Norman Parkinson with Frankie. French Vogue 1983. Taken from Portraits in Fashion, Norman Parkinson by Robin Muir. Published by Palazzo.
Over the half-century he was taking photographs, Norman Parkinson produced some of the most memorable fashion images and portraits of our time. The British photographer, who died in 1990 aged 76, was one of Vogue’s star contributors, and enjoyed a relationship with the magazine that lasted four decades.
Jerry Hall and Grace Coddington were among the models his images helped to propel to stardom. His unique contribution to the field is part of the grand survey of Vogue’s fashion photography at the National Portrait Gallery this month (alongside work by Cecil Beaton, David Bailey et al), and the focus of a boutique show at Eleven Fine Art in London’s Belgravia.
‘Norman Parkinson changed the face of fashion photography’, says Eleven’s owner, Charlie Phillips. ‘He transformed it from something staid and static into something exciting and glamorous.’ Parkinson’s flamboyant style of shooting, which took fashion out of the studio and into the fresh air and real life, captured a spirit of spontaneity that changed the way we look at clothes.
‘I wanted to take the scent-laden atmosphere out of photographs,’ he once said. Described as ‘a bit flash’ by his rival Cecil Beaton, ‘Parks’, as he was known to Vogue staff, was never shy or retiring. From the beginning, he cultivated an ‘exaggerated personal style,’ says National Portrait Gallery curator Robin Muir.
His eccentricities included a large white last-days-of-the-Empire moustache and Victorian smoking cap, made all the more striking by the fact he was 6ft 5in. Muir, who met Parks in the foyer at Vogue House when he was assistant editor of Condé Nast books in the mid-1980s, says, ‘He was very gallant, but I got the sense he was acting the part of the Gentleman Fashion Photographer.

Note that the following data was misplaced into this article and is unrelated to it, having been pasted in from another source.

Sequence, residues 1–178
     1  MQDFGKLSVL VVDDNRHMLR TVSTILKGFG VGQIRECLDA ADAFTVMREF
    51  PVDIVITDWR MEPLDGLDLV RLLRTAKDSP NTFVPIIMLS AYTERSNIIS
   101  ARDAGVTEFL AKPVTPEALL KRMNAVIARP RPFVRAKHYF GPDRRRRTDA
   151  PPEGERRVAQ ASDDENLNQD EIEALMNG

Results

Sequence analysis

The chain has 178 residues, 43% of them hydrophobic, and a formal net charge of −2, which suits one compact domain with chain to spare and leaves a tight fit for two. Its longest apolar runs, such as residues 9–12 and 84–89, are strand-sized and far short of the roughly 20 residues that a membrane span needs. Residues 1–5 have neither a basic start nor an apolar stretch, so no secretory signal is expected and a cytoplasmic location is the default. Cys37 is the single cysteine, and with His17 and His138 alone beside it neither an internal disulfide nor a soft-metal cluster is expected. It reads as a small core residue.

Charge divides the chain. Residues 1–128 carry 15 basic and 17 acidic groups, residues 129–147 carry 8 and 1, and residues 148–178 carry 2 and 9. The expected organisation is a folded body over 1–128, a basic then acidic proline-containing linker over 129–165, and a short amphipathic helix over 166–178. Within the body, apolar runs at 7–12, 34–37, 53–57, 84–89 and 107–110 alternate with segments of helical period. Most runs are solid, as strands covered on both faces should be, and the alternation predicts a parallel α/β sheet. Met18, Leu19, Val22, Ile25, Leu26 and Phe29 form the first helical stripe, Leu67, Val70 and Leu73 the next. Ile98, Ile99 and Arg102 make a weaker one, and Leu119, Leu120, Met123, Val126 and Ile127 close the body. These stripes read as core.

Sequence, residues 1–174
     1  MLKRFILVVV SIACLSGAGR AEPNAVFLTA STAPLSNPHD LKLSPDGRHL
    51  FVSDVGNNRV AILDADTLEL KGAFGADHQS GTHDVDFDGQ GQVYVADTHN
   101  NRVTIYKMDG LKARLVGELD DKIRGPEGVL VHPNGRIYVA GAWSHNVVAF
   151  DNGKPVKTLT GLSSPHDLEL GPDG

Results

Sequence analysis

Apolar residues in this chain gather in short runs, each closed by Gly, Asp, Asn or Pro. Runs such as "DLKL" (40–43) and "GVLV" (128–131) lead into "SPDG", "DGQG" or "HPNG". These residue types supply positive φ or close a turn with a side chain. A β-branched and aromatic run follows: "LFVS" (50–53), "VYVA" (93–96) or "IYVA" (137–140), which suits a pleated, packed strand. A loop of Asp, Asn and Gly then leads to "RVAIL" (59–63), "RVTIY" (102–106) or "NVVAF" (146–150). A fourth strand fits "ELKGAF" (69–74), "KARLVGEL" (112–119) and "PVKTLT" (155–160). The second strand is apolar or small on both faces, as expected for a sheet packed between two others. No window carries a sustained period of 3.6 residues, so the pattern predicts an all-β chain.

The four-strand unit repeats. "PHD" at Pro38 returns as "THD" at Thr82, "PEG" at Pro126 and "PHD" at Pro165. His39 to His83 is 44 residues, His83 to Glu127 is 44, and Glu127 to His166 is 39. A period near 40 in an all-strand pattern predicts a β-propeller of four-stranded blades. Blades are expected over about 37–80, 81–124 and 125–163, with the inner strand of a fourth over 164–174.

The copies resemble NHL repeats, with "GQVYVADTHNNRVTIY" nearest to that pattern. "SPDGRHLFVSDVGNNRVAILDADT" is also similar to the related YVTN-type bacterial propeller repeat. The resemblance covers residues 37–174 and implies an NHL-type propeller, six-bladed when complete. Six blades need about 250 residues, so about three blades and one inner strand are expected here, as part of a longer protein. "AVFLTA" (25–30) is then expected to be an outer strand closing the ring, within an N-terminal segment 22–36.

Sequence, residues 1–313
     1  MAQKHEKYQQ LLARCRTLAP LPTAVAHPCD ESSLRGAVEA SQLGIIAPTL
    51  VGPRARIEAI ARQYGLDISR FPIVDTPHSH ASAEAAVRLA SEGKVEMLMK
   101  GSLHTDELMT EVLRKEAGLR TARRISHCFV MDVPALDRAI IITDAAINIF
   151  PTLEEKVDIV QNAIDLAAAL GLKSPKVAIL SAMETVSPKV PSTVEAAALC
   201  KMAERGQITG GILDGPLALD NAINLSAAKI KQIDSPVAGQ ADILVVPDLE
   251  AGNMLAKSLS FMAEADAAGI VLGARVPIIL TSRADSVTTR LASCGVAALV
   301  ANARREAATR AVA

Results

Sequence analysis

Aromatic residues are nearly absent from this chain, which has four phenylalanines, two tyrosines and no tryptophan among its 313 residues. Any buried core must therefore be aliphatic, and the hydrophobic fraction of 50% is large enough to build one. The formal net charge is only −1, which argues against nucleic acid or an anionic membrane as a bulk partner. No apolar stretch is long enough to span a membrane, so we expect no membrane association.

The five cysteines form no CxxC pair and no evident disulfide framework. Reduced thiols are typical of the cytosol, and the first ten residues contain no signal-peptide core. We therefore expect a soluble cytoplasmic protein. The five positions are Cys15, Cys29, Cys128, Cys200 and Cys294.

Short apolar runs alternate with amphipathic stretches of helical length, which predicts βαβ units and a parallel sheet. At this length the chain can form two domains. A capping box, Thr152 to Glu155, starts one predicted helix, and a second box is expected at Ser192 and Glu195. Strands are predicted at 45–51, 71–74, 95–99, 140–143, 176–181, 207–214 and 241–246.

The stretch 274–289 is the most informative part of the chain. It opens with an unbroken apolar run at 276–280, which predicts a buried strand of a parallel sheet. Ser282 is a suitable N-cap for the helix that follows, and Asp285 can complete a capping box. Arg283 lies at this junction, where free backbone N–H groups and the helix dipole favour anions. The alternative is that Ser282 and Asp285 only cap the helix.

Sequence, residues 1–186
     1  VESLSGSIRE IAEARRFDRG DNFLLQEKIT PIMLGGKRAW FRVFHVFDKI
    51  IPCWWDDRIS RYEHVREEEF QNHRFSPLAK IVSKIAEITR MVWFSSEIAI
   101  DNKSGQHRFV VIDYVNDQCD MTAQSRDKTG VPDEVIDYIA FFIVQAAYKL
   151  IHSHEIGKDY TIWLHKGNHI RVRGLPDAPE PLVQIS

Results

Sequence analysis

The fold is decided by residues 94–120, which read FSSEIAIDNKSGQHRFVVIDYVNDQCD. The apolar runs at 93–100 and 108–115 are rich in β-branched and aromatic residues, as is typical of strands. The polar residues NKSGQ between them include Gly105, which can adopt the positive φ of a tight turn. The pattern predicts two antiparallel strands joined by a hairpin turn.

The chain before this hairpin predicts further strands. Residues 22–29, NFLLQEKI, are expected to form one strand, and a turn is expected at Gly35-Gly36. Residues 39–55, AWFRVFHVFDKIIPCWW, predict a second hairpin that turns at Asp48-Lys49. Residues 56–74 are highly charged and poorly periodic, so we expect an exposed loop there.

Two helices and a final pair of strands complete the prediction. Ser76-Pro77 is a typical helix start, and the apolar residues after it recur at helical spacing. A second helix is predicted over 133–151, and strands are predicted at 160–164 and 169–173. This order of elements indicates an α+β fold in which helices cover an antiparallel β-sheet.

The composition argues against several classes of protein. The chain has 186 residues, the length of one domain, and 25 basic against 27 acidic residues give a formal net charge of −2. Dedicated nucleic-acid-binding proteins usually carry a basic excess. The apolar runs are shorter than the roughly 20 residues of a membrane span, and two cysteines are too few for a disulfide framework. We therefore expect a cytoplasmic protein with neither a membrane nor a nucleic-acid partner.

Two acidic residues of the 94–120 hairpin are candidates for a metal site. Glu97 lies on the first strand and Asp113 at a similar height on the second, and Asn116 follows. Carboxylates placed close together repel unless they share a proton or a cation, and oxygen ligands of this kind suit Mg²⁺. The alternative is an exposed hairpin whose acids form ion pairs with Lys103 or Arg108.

'He was the antithesis of Irving Penn [who never wanted his sitters to feel relaxed in front of the camera]. Instead, he lavished charm on his subjects. He wanted them to enjoy the experience – that’s how he got his photographs.’
‘I used to have such fun with him,’ says Twiggy, who posed for Parkinson many times in the late 1960s and early 1970s. ‘Those eccentricities made him a delight to be with.’ She was so taken with him that, in 1978, pregnant with her daughter Carly, she chose him to take her picture. ‘I have them framed at home,’ she says. ‘They’re among my most treasured photos.’
Born Ronald William Parkinson Smith in 1913, the middle son of a barrister, Parkinson learnt his trade at the studios of Speaight and Sons, court photographers of New Bond Street. In 1934, aged 21, he opened his own studio at 1 Dover Street, Piccadilly, with another ex-employee of Speaight, Norman Kibblewhite. The pair combined their names to call the enterprise the Norman Parkinson Studio.
Having been weaned on Speaight and Sons’ staid portraiture, Parkinson went rather wild, luring debutantes to his studio with promises of a ride in his four-seater tourer. However, the partnership didn’t last more than a few months and, when Kibblewhite upped sticks, Parks carried on by himself, adopting the business name as his own.
It was in Dover Street that his work came to the attention of an editor at Harper’s Bazaar magazine, who stumbled across it while visiting another photographer in the same building. Once on their payroll, the magazine was keen he photographed outdoors, which initially filled him with horror.
He soon got used to working away from the comfort of the studio, though, and by the late 1930s was as likely to be found in Le Touquet in northern France as in London’s Hyde Park. Parkinson observed that, in the mid-1930s, ‘Most photographers showed women standing in scintillating salons with their knees bolted... I never knew any girls with bolted knees.
‘I only knew girls that jumped and ran. So I started to photograph these girls. Everyone said, “How bold!”’
His tenure at Vogue began in 1941, aged 28, following a stint as a war pilot – ‘doing reconnaissance, that sort of thing,’ he would claim, although the details of his actual contribution remain vague.
However, his work for Vogue, chiefly a series of rural vignettes describing what was going on in the British countryside, ‘was vital to the war effort,’ says Muir. ‘At the time, lots of magazines folded because of paper rationing, but Vogue was allowed to survive, and actually given extra paper, because it was considered good for morale.